Page:United States Statutes at Large Volume 2.djvu/459

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merchandise be, after judgment, forthwith returned to such claimant or claimants, his, her, or their agent or agents.

Officers of the treasury to allow the collector of New York for certain sums recovered of him, &c.
1792, ch. 1.
Sec. 2. And be it further enacted, That the accounting officers of the treasury be, and they are hereby authorized and directed to allow to the collector of New York, in the settlement of his accounts, the amount of damages and costs recovered from and paid by him, by virtue of judgments rendered in the supreme court of the state of New York, on account of the seizure of the ship Liberty, and of the ship Two Marys; which vessels had been seized and libelled for a presumed infraction of the provisions of the act, intituled “An act concerning the registering and recording of ships or vessels.

Approved, February 24, 1807.

Statute ⅠⅠ.



Feb. 24, 1807.
Chap. XX.—An Act to punish frauds committed on the Bank of the United States.[1]
Act of April 10, 1816, ch. 44, sec. 18.
Punishment for falsely making, forging, or counterfeiting notes of the Bank of the U. States.
Be it enacted by the Senate and House of Representatives of the United States of America in Congress assembled, That if any person shall falsely make, forge, or counterfeit, or cause or procure to be falsely made, forged or counterfeited, or willingly aid or assist in falsely making, forging or counterfeiting any bill or note in imitation of, or purporting to be a bill or note issued by order of the president, directors and company of the Bank of the United States, or any order or check on the said bank or corporation, or any cashier thereof, or shall falsely alter, or cause or procure to be falsely altered, or willingly aid or assist in falsely altering any bill or note issued by order of the president, directors and company of the Bank of the United States, or any order or check, on the said bank or corporation, or any cashier thereof, or shall pass, utter

  1. If a suit be brought against the seizing officer for a supposed trespass in making a seizure of a vessel for a supposed forfeiture, while the suit is depending, the fact of such pendency may be pleaded in abatement, or as a temporary bar to the action; if after a decree of condemnation, then that fact may be pleaded as a bar; if after an acquittal without a certificate of probable cause, then the officer is without any justification for the seizure, and it is definitively settled to be a tortious act. Gelston et al. v. Hoyt, 3 Wheat. 246; 4 Cond. Rep. 244.

    To justify a seizure there must be probable cause of seizure; and if an officer of the customs seize without probable cause, no indictment lies for resisting him in the seizure, for he is not in the execution of his office. United States v. Gay, 2 Gallis. C. C. R. 359.

    Seizures for breach of municipal laws, are made at the peril of the seizers. If made without probable cause, the seizers are liable for all the consequences; for the act is construed a tortious act, and his diligence for the preservation of the property, is no defence against losses occasioned by the superior force, or inevitable casualty. Burke v. Trevitt, 1 Mason’s C. C. R. 96.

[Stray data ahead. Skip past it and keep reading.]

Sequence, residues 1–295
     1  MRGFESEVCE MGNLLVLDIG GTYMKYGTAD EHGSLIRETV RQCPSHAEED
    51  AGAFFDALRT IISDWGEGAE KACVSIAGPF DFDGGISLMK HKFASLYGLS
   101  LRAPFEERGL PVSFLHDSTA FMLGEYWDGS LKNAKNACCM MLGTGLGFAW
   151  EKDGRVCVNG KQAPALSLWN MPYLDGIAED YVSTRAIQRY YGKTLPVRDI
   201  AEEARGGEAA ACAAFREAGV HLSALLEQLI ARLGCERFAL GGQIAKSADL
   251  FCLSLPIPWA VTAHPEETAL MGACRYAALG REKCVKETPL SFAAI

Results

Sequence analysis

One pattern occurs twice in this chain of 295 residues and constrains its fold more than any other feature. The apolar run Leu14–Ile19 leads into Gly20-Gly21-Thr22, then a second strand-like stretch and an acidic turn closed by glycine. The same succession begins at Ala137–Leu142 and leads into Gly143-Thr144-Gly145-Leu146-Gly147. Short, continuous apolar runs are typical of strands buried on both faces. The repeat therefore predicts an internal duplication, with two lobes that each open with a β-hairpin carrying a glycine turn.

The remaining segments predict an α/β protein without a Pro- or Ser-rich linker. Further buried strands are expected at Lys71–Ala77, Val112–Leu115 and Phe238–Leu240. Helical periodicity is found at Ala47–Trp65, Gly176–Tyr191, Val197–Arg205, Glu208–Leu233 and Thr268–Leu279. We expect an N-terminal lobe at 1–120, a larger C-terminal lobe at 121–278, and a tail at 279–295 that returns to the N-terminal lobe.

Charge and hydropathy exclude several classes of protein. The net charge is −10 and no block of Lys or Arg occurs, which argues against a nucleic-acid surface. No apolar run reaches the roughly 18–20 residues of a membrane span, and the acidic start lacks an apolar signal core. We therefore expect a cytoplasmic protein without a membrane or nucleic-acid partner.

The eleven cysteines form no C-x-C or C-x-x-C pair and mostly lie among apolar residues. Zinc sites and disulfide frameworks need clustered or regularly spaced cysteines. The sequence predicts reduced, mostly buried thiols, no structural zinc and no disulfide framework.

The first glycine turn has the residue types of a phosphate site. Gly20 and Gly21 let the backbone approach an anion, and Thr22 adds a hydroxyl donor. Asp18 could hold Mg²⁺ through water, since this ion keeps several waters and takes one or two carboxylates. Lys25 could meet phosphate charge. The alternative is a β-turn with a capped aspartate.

2. Indictment in the circuit court of North Carolina, for the forging of, and an attempt to pass a certain paper writing in imitation of, and purporting to be, a bill or note issued by the president and directors of the Bank of the United States, provided in the 18th section of the act of 1816, establishing the Bank of the United States. The note was signed with the name of “John Huske,” who had not been at any time president of the Bank of the United States; but who at the date of the counterfeiting was president of the office of discount at Fayetteville; and was countersigned by the name of “John W. Sanford,” who at no time was cashier of the mother Bank, but was at the said date cashier of the said office of discount and deposit. Held, that this was an offence within the provisions of the law. United States v. Turner, 7 Peters, 132.

    Indictment on the 18th section of the act of Congress, entitled “An act to incorporate the Bank of the United States,” passed April 15, 1816. The indictment charged the defendant with uttering and forging “a counterfeit bill in imitation of a bill used by the president, &c., of the bank.” The forged paper was in these words and figures: “Cashier of the Bank of the United States, pay C. W. Earnest or order, five dollars. Office of discount and deposit in Pittsburg, 10th day of December, 1829. A. Brackenridge, Pres’t, J. Correy, Cash’r.” “Pay bearer, C. W. Earnest.” Held, that a genuine instrument of which the forged and counterfeited instrument is an imitation, is not a bill issued by order of the president of the Bank of the United States, according to the true intent and meaning of the 18th section of the act incorporating the bank. The United States v. Brewster, 7 Peters, 164.

    Counterfeiting an indorsement on a post note of the Bank of the United States, is not an offence under the 18th section of the act incorporating the bank. United States v. Stewart, 4 Wash. C. C. R. 226.

    In a prosecution for forging the notes of the Bank of the United States, it is not necessary to prove that it was committed with intention to defraud some corporation or person, and that the notes stated in the indictment, and given in evidence as forged, and those alleged to be forged, are the same. United States v. Reuben Moses, 4 Wash. C. C. R. 726.

    An order on the cashier of the Bank of the United States, is evidence for supporting an indictment for forging an order on the cashier of the corporation of the Bank of the United States. United States v. Hinman, Baldwin’s C. C. R. 292.